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September 2011
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It’s Still Up for Debate

I’ll admit it, I’m a giant nerd. Last night I actually recorded and then watched the Ontario provincial debates with intent! While doing a bit of yoga I watched the McGuinty, Horwath and Hudak square off against each other. But all I could think was..

Who actually won the debate?

Unfortunately politics, at least what I’ve seen as of late, in Canada (recent Federal and Toronto Mayoral elections) is about attacking your opponents instead of announcing your platform. And when we do hear about parties platforms, we hear about outlandish claims to make the city, province, country, etc a better place. But have any of these candidates actually considered the consequences of their promises on the budget?

Where promises meet reality, reality bites!

Here is a bit of reality (well at least in my opinion). Costs for education, transportation, health care, etc. are rising. Costs are increasing at a rate greater than what our tax system can manage. Instead of looking at reality (i.e paying more taxes) candidates make promises for more services with less taxes. That equation just doesn’t add up!

During the CBC debates 6 questions were posed by Ontarian citizens. The last question raised the issue of a tiered health care system. NONE of the candidates were able to directly answer the question (Although do candidates ever really directly answer debate questions?!). But the final question on tiered health care raised an interesting point;

We already have a tiered income tax tariff, why not introduce a similar program for other sectors?

The objective is tiered system is not to benefit the low income earners. Having said that the objective is also not to punish the high income earners either.

Energy: What about increasing taxes on increasing consumption? For the first ‘x’ number of watts there is no tax, the next ‘y’ units consumed are charged the HST, and above ‘z’ units consumption is charged an extra nominal tax. Consumption blocks would have to be broken up for residential and commercial. But this does a few things. First of all it promotes everyone to conserve, to consider the environment, you pay no tax if you’re a low consumer. Secondly it’s fair; it does not discriminate between high- and low-earners, each consumer is considered the same. And finally it would likely benefit the low-income earners. Typically they own small residential units , do not own a bunch of ‘energy-sucking gadgets’ that do not consume a lot of power. Seems pretty win-win-win to me, but I do understand the policy implications and the difficulty in setting up such a program.

Education: We are so fortunate for everyone to have access to great education in Ontario. I am a product of the public school system and loved every minute I spent there. From my classes (nerd coming out again) to the athletics to the organizations I was involved in; I was incredibly fortunate. I do not want to see that slip away for future generations. Keep those teachers that love what they do. I’ve never really thought about how to ‘tier’ education… I think that will be the thoughts of my run today.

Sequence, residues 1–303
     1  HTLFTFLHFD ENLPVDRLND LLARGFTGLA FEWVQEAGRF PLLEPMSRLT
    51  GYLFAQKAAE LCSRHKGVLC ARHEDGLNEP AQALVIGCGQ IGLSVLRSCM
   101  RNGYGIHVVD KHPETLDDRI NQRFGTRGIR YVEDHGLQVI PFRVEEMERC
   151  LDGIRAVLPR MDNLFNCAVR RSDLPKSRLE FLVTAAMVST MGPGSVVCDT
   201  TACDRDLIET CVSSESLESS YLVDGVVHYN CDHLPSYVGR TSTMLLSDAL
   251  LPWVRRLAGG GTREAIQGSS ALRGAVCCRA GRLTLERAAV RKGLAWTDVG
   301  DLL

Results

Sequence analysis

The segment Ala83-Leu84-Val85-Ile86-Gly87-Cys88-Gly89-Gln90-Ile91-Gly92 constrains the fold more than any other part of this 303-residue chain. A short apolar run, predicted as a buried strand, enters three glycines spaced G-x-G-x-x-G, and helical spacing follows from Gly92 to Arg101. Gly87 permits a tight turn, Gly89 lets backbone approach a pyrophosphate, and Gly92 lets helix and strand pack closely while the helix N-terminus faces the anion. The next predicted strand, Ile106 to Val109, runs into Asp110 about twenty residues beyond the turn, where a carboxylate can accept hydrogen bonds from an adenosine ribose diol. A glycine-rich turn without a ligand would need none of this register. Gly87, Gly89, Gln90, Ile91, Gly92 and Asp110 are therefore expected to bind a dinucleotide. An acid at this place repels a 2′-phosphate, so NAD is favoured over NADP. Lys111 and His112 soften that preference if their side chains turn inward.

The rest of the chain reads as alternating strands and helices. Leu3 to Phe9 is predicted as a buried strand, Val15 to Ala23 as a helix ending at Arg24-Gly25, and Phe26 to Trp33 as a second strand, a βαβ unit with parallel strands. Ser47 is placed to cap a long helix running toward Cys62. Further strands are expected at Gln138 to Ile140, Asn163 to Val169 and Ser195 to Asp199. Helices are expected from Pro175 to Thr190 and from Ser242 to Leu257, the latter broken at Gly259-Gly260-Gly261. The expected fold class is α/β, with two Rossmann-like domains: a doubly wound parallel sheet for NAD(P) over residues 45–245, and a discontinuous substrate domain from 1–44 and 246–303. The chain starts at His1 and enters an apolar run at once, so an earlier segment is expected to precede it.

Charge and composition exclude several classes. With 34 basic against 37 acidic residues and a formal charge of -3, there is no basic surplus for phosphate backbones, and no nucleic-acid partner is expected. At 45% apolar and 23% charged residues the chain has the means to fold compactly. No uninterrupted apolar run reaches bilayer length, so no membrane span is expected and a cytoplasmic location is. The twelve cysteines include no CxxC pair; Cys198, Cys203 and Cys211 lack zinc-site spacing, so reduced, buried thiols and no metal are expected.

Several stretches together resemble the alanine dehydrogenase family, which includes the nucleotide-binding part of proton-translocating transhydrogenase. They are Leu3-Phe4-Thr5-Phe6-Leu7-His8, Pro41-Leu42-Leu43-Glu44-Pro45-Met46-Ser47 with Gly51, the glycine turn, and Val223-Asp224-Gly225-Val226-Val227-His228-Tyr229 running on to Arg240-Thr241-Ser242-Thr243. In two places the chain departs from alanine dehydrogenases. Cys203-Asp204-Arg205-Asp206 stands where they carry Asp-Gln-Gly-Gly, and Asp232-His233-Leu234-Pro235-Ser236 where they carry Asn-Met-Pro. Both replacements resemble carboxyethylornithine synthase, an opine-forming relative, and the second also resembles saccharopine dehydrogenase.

Health Care: It’s a bit of a ‘can of worms’ when you discuss health care. It comes down to essential services and necessities; there is a lot of abuse in the health care system. I have no problem with 6-figure administrative salaries; all competitive CEO’s are paid these salaries and I want the best and brightest to be running the hospital I visit. Administration is needed; how else do you bring those essential services to the patients? Trust me the doctors are too busy to take care of all the administration and I’d rather have that amazing doctor working on me and other patients than pushing paper. Of course there is no easy answer. Many countries, who previously had a completely publicly funded health care system, are now privatizing some costs. Given that Ontario has the largest population in Canada, I would like to see a trial with some of the current health care services (for instance MRI’s, CT scans, x-ray..).

Transportation: Bring on the tolled highways. Not every lane, not every highway. HOT (high-occupancy-toll) lanes have proven successful. Congestion charging has proven successful. We have come to think that driving a car is a right, not a privilege. But to maintain that right we are going to have to pay the ‘actual’ cost to drive on our roads.

Ok, these examples are my opinion and fairly volatile. With the right policy they can work. I’m not saying it’s a perfect solution, but under a Nash Equilibrium you’re always looking for the second best solution!